A French court on Wednesday sentenced Syrian President Bashar Assad’s uncle to four years in prison for money laundering.
Rifaat Assad was found to have embezzled public funds in Syria, laundered the money and built a vast property portfolio in France.
The 82-year-old is unlikely to serve the full sentence given his age and remains free pending an appeal. The court also ordered the seizure of his French real estate assets, valued at €90 million ($100 million).
He was accused of committing crimes between 1984 and 2016, including aggravated tax fraud and misappropriation of Syrian funds.
The Paris court dismissed charges for alleged crimes between 1984 and 1996, but found him guilty of organized laundering of stolen Syrian funds between 1996 and 2016 as well as tax fraud.
Assad against Assad
His property empire in France includes two Parisian townhouses, a stud farm, about 40 apartments, and a chateau. One of his mansions in Paris is more than 3,000 square meters (32,000 square feet).
He and his family also own at least 507 properties in Spain, valued at around €695 million, according to Spanish legal documents. Spanish authorities seized all his property in that country in 2017 under similar allegations. Authorities in the UK also seized one of his properties in London.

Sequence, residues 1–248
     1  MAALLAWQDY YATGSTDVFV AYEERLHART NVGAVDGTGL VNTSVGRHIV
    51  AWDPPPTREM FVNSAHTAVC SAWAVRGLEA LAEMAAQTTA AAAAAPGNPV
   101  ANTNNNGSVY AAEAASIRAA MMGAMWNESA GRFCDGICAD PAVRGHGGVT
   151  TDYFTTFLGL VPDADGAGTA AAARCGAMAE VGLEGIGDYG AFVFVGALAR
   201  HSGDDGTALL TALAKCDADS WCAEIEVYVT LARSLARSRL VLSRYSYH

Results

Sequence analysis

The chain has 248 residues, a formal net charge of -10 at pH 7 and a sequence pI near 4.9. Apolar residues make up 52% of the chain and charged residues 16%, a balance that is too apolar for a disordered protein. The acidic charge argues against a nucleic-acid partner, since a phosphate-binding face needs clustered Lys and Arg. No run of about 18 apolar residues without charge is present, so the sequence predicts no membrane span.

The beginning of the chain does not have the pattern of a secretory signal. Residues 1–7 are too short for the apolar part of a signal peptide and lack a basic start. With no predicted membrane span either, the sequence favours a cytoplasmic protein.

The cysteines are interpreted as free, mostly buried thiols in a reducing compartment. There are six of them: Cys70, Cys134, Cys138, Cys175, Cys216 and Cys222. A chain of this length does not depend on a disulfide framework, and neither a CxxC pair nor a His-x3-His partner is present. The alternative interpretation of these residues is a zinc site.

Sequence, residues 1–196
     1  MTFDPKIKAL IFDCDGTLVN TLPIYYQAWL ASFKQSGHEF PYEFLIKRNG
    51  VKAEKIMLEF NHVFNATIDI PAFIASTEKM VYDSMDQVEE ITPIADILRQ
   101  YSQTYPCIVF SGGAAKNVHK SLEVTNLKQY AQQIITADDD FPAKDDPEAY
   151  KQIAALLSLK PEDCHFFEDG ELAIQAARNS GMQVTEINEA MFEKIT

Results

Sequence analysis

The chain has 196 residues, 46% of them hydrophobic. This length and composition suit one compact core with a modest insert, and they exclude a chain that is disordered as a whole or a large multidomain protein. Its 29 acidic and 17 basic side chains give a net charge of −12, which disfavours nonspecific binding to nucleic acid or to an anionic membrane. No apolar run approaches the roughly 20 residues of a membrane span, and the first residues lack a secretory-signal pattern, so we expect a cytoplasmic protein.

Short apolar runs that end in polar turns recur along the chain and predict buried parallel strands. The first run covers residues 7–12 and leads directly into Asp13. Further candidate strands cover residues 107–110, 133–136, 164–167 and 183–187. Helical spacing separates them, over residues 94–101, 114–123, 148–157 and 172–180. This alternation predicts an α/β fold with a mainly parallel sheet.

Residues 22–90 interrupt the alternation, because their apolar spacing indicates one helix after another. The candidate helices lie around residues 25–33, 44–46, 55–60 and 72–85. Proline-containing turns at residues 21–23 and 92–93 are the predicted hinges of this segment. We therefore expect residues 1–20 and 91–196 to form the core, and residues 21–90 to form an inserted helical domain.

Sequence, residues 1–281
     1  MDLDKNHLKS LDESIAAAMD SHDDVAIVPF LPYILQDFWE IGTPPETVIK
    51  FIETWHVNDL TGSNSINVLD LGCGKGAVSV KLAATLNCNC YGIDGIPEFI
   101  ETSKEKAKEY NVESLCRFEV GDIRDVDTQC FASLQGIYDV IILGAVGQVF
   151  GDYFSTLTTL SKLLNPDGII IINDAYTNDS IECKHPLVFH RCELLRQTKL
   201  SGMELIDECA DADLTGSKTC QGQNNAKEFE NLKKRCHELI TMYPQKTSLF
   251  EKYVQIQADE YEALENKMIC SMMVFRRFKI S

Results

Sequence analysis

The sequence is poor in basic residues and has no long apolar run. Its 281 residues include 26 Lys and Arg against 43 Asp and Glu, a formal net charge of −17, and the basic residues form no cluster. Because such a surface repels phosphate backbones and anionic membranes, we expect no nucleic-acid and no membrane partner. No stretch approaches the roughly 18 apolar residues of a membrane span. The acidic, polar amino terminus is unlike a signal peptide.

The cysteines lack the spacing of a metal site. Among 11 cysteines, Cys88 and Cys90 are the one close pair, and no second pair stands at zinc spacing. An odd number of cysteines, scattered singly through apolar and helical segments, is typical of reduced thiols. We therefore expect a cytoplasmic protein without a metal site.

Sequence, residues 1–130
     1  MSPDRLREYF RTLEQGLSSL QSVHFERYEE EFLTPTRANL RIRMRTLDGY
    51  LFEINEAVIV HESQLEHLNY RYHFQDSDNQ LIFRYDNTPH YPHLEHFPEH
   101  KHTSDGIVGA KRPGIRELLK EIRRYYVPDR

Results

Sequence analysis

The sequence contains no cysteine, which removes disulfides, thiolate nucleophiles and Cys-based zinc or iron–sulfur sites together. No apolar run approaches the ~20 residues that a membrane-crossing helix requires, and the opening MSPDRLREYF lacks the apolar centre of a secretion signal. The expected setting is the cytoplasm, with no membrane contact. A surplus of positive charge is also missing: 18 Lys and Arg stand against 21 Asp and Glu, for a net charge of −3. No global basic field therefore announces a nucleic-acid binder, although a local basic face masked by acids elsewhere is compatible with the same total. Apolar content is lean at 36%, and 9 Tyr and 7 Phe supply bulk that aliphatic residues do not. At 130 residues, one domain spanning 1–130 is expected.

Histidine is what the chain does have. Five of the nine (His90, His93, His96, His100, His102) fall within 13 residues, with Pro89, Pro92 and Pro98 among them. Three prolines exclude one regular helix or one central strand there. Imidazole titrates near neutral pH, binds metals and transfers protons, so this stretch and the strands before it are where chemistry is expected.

After putting down an uprising in central Syria in 1982, he was dubbed the “Butcher of Hama.” He is the younger brother of the late Syrian president Hafez Assad, who was the father of the current Syrian president.
He also has alleged links to the 1980 killings of hundreds of prisoners and Syrian army abuses in Lebanon in the 1970s and early 1980s.
He left Syria in 1984 after leading a failed coup against his brother Hafez. He now says he is opposed to the current regime of his nephew.
Legion of Honor for the Butcher of Hama
The court said on Wednesday that his crimes were of “exceptional severity,” and pointed to “consistent evidence of the misappropriation of public funds at the expense of the Syrian state and for the exclusive benefit of Rifaat Assad.”
His lawyers rejected the allegations, saying he had taken “not a penny” from Syria.
The case was brought against him after anti-corruption group Sherpa filed a suit in 2013 along with Transparency International.
Sherpa said in a statement: “This decision is of particular importance in the current Syrian context and underscores the urgency of establishing a French legal framework for the restitution of looted assets.”
It called on the French government to withdraw Assad’s Legion of Honor, the highest French decoration, which he was awarded in 1986 for “services rendered” to the country.